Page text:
How We See Others Affects Our Spirituality

I learned a new concept this past week which I would like to share with you.  It is called “asset framing” and was developed by Trabian Shorters, a social entrepreneur and former vice president of the John and James L. Knight Foundation. Asset framing “ is a catalyst of a movement to define black people first by their aspirations and contributions, then secure their fundamental freedoms to Live, Own, Vote and Excel.” According to several commentators, asset framing “is a cognitive framework in great demand.” Asset framing equips practitioners “to have far greater social impact, raise more money, engage broader populations and make fundamentally stronger cases for equity and systems change.”

The more I explored this concept, the more I concluded that, essentially, asset framing starts with the initial perception I have of a person or persons. In his discussions, Shorters concentrates on people of color because that is where he sees the most obvious need for asset framing. For instance, how do I frame people of color? What do I immediately think of their dress? Their hair color or style? Their skin color? And where do I perceive or encounter them? At an urban bus stop? At a fast food vendor? On a street corner? Can I go beyond these perceptions and see that under these exteriors there exists someone who has aspirations, similar to my own? Within these aspirations, the person has assets and gifts he or she can contribute and become happy and successful and resourceful for others. Sometimes in such an encounter I think, instead of assisting such a person through a social agency or a food distribution center or a church social action group and while those are all good, I can do more. I can remove all the exteriors and see the person who is really within. I can see the soul. I can realize there are assets in this person for the common good.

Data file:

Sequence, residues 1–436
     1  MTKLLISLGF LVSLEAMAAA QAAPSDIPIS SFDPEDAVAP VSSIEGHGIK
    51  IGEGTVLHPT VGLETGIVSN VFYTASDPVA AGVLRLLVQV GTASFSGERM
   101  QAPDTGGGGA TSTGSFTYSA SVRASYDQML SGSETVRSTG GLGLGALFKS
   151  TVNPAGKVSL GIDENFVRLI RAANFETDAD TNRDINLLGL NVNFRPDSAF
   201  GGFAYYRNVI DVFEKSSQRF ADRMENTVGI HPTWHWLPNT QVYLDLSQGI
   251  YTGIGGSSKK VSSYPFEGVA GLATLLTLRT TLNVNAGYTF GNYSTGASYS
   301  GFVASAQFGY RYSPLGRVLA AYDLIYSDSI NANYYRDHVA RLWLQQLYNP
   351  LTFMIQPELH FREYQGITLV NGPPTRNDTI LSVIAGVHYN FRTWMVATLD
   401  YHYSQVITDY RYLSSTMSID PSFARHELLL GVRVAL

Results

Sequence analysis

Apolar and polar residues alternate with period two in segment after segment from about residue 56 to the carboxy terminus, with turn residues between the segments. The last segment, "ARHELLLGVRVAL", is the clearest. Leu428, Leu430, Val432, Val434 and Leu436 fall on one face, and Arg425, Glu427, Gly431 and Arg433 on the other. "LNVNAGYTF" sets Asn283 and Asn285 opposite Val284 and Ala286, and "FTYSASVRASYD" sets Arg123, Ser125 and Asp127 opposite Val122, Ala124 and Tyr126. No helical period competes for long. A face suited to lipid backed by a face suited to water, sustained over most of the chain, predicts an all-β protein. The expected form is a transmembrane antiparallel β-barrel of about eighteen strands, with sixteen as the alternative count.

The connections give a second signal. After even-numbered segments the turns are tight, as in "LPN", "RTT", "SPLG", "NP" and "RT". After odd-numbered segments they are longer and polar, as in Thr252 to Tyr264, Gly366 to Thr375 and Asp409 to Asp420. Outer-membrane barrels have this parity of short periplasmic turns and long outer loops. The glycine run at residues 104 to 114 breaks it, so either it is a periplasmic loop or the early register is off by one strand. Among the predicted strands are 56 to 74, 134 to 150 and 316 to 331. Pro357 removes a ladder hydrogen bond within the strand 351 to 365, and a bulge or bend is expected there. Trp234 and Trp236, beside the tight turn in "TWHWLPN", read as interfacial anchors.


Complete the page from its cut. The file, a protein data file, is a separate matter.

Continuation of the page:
Shorters points out that using terms like “at risk youth, high crime areas, high poverty section, disadvantaged communities,” really helps to institutionalize racism. They assign classifications of human beings which places some humans below others through the exteriors I mentioned above.  We do this so casually, without thought. We do not mean harm but, in fact, we are reinforcing negative attitudes. If you want to learn more about this concept, I suggest you look into the BMe movement, the organization Shorters founded. There are ideas for volunteering on this site as well. But for starters, we can all decide to examine how we perceive others and how we speak of the exteriors and environments in which they live.


At the same time I was exploring asset framing, I took a deep dive into the Gospel of Matthew in preparation for a prayer group meeting. In the first few chapters alone, I became aware of Matthew’s exceptional attention to Jesus’ ministry of healing: the curing of the centurian’s son, the paralyzed man, the raising of Jairus’s daughter, the woman suffering from a hemorrhage, the two blind men, the leper, and more. Matthew outlines the mission of Jesus saying in Chapter 4, “He taught in their synagogues, proclaimed the good news, and cured the people of every disease and illness.” The first ten chapters of this Gospel concentrate on healing as the first part of the mission. When the person is whole, not subject to a life of pain, poverty or prejudice he or she can absorb the greater lessons. The person can discover the other assets latent in the soul, aching to be free. The person can recognize the God within his or her soul. The next sections of this Gospel narrate the story of Jesus as teacher. To Matthew, Jesus is healer first, teacher second.